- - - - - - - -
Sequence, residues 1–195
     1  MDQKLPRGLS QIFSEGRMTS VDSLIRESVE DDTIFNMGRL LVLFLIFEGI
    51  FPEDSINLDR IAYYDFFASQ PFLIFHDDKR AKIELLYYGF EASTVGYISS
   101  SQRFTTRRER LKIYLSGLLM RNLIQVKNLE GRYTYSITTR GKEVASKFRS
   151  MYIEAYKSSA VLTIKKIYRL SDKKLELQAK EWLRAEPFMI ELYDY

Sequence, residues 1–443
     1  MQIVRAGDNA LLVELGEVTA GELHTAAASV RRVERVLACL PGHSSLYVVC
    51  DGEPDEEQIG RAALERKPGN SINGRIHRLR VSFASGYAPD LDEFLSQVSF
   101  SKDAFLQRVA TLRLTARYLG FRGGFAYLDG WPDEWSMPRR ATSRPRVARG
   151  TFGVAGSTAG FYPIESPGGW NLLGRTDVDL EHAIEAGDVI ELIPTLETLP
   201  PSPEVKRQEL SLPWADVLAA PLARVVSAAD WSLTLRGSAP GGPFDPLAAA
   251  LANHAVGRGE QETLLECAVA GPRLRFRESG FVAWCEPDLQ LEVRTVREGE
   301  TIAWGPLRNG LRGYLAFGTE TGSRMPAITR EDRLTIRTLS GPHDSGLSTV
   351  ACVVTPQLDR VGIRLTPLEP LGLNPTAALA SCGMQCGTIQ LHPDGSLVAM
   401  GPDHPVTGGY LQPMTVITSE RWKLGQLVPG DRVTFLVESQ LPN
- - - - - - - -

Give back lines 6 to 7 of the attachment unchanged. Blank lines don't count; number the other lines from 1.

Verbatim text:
Sequence, residues 1–443
     1  MQIVRAGDNA LLVELGEVTA GELHTAAASV RRVERVLACL PGHSSLYVVC